Archive for November, 2009

Food for Thought

Baking success! And disaster! Where I last left you, I was preparing a baking “class” with my sitemate Kristina for a local women’s support group run by another PCV. We traveled up to day before, as bus access was limited and met with the women the night before to plan the next day. Here in Honduras one has to get pretty thrifty. These women don’t have much, let alone baking pans, measuring cups or spoons. We asked every one to bring a plastic bottle (there certainly is no shortage of coke/pepsi/banana tropical bottles here, trash is everywhere) so we could cut off the top to make in-situ measuring cups with a sharpie.  We would be baking the banana bread in empty sardine cans and the chocolate cake in frying pans. That night, Kristina and I wrote the recipes on large charla paper to post and was dreaming of delicious bread, cake and vanilla icing.

The next morning, the 3 of us woke up, scarfed down some breakfast, and made our way down to where we would be baking. We had specified 8 o’clock en punto, which really means 8:30, but the ladies didn’t start showing up until 9. And of course, at 9, a neighbor announced that she had made us breakfast. Saying no to Honduran food is like insulting somebody’s poor grandma, so we managed to fit eggs, frijolitos, tortillas, and queso seco in our already full bellies, soon to be made fuller from baked goods. After breakfast, the woman of the house fired up her horno, a large adobe dome oven. To heat it up, you throw a ton of firewood and corn husks in, light it on fire, burn the hell out of it, then take it out to let the oven cool down. You can fit about 50 cakes pans in it it’s so large. We made the batter and filled the sardine cans with no problem. And then an amazing thing happened; the women were fighting over who got to lick the batter bowl! Talk about a cross-culture, eye-opening experience! The bread came out beautifully, in about 15 minutes instead of the normal 50 minutes. Damn that oven was hot. While the bread was cooling, we started on making the chocolate cake. Kristina and I had test run a chocolate cake recipe a few days prior using this “choco-banano” chocolate that is readily available down here and cheap. It comes in a brick form of solid chocolate with sugar and oil already mixed in. You are supposed to dip frozen bananas in it (very popular down here). We were thinking about sustainability and how these women couldn’t really afford a 225 lempira ($12) box of Hershey’s Cocoa Powder. The recipe in Kristina’s electric oven turned out well, not the greatest, but it worked and it was chocolately enough. So when we duplicated it out in the campo, who would of thought it would go horribly wrong. The batter, of course, tasted delicious. I was batting the little children away from the bowls like flies. This time, we placed the batter in frying pan molds and some rectangular molds. As we were watching the chocolate cakes bake, we were also making a delicious creamy vanilla icing (with margarina, I know it sounds gross, but it was actually pretty good). I went to go check on the cakes, and almost fell over. The tops had burned, and all of the oil in the cake had seeped to the top. It looked like black molten lava vomit. And, as many of you may know, I am pretty sensitive to my baking (I went into a fit of rage, then cried last year when my one of my pie crusts didn’t turn out at Christmas). I summoned Kristina over to confirm what I was seeing. It was downright embarrassing! We took out the cakes and the women had such confused looks on their faces. We tried to ice them, after scraping the oil off the top, but they looked DISGUSTING (hence no pictures of the cakes). The women, however, took it in stride, they ate some, and took some pieces home to their husbands. They also decided to sell their banana bread to themselves(?) for 6 lemps a pop, which Kristina and I later worked out to be breaking even. So much for sustainability. I later researched the mishap and decided that the horno was waaaaay to hot for delicate cake baking. Nonetheless, the women had a ton of fun, and thanked us graciously. I guess you win some and lose some. I guess I need to practice baking in those hornos. . .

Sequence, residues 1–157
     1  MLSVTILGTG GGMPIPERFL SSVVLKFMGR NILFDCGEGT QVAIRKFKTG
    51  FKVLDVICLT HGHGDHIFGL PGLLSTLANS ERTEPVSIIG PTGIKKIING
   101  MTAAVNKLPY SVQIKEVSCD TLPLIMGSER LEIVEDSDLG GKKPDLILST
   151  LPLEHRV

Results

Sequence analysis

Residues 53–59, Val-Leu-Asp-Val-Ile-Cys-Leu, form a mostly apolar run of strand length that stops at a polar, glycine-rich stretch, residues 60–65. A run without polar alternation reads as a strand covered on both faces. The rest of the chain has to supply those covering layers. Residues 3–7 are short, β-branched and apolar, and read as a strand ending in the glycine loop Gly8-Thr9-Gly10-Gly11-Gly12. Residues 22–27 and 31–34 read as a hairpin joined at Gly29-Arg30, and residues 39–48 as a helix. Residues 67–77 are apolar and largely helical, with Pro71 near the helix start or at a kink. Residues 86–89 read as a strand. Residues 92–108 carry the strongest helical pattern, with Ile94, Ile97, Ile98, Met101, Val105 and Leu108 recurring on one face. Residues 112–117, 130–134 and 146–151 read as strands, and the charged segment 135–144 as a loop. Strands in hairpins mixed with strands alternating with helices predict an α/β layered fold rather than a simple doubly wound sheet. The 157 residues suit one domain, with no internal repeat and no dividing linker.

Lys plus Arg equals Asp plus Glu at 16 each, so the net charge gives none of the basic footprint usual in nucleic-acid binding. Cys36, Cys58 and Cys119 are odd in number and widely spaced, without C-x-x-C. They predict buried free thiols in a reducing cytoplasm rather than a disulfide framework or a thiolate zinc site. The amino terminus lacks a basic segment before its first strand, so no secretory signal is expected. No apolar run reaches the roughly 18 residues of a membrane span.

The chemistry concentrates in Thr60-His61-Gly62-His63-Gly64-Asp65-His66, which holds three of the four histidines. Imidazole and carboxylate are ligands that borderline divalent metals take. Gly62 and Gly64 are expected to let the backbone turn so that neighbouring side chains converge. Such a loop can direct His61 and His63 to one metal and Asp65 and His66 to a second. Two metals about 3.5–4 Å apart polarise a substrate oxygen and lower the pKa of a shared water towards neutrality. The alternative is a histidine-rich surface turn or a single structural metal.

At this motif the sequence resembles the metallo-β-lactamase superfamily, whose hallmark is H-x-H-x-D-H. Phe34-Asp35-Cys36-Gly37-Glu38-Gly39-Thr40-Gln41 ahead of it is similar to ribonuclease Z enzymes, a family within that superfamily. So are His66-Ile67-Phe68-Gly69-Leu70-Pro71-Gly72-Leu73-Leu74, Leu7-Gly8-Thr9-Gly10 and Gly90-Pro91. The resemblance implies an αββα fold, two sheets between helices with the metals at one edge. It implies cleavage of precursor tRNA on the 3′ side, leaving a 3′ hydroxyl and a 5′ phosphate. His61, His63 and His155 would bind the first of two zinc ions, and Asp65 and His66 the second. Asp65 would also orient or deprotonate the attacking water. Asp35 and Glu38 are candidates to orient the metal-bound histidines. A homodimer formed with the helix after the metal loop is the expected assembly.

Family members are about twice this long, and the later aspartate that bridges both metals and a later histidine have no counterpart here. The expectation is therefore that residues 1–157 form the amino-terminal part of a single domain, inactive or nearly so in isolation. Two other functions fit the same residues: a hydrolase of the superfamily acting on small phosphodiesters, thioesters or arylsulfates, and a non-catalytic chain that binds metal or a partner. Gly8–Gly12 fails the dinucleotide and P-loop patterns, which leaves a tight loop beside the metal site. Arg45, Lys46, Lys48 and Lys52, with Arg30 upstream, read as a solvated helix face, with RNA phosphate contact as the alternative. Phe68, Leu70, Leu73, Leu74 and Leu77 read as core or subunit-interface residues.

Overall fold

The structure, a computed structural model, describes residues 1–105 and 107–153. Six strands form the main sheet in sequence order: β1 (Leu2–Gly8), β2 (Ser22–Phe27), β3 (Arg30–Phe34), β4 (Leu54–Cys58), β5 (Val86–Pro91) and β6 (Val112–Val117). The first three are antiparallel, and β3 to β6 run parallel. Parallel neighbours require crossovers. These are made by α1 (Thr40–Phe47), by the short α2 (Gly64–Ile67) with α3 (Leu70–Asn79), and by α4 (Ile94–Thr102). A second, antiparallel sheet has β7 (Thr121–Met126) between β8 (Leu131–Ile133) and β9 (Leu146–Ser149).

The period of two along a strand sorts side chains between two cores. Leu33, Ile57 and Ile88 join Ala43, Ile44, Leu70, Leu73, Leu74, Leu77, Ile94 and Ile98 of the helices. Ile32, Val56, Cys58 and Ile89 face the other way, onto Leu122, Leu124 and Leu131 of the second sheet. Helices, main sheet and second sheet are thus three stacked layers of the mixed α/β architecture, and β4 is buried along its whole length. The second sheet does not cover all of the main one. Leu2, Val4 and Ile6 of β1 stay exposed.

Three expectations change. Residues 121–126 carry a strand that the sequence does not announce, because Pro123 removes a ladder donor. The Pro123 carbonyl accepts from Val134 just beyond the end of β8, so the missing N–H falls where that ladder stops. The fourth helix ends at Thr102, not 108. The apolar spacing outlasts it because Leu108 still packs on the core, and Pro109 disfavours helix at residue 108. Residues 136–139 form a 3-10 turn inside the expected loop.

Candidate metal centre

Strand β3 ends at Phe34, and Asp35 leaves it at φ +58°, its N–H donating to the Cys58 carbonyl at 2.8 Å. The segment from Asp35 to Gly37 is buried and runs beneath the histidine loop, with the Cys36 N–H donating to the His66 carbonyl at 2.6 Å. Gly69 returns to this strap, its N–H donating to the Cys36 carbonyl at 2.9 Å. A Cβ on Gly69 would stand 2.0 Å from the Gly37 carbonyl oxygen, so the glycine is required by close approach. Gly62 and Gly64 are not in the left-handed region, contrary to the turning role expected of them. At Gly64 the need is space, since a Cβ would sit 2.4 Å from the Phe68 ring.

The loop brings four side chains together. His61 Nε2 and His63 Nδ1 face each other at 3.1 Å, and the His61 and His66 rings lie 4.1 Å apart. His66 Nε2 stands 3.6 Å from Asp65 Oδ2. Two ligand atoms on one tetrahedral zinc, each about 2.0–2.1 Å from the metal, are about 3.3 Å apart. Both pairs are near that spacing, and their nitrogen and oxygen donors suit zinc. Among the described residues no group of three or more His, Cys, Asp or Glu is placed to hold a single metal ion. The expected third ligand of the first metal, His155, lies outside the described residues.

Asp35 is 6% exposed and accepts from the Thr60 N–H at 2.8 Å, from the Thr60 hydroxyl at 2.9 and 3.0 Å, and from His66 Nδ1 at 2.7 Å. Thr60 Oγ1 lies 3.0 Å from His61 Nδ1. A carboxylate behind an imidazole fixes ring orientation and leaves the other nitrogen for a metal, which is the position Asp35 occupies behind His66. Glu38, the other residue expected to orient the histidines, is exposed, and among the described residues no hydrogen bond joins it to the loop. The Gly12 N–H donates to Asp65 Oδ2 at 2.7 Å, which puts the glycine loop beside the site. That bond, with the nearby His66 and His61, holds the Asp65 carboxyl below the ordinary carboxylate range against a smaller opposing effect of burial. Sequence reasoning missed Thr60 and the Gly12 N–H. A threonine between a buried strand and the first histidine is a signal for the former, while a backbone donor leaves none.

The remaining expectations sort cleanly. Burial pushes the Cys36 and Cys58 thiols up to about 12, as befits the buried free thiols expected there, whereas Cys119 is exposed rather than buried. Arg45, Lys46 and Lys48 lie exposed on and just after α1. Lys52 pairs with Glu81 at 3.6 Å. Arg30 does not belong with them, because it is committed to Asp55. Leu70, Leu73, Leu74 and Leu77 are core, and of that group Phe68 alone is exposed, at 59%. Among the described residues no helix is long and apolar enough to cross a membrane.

And more of the map. . . as you can see, it has been coming along nicely, with a few mishaps here and there. Im pretty sure we lost a few of the Great Lakes, Muaritania’s borders (a country in east Africa) were taken over by an yellow invasion of Mali, it’s western neighbor, and Hawaii has now acquired more islands in the south pacific. Painting with the girls is a bit hectic, but nonetheless fun. Four girls armed and ready with one color ready to paint whatever they see. I remind them that they have to check with me before they paint anything. The first day of painting almost lead to disaster because I forgot to check Europe. . . . . the pencil lines looked like spaghetti, ironically Italy was intact. We got the big guys out of the way like Antarctica, Russia, Australia, etc. These also made good projects for the painting impaired. We still have quite a bit of work to do, so I will post more pics to show the process.

Thanksgiving— who said Honduras doesn’t celebrate T-day? Thirteen of us squished into a house for a few days and had a feast fit for a king! Not much explaining to do here—my friend Rachel meticulously planned out the menu for the whole weekend, and even managed to make bagels for us the day after! I made my standard apple and pumpkin pies as well (the crust this time was OK, however, Honduran butter just isn’t the same is is strangely neon yellow). An added bonus was that I got to pitch and sleep in a tent everynight . . . *sigh*. . oh how I miss the states sometimes.

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November 30, 2009 at 11:43 pm Leave a comment

Peace Corps Thanksgiving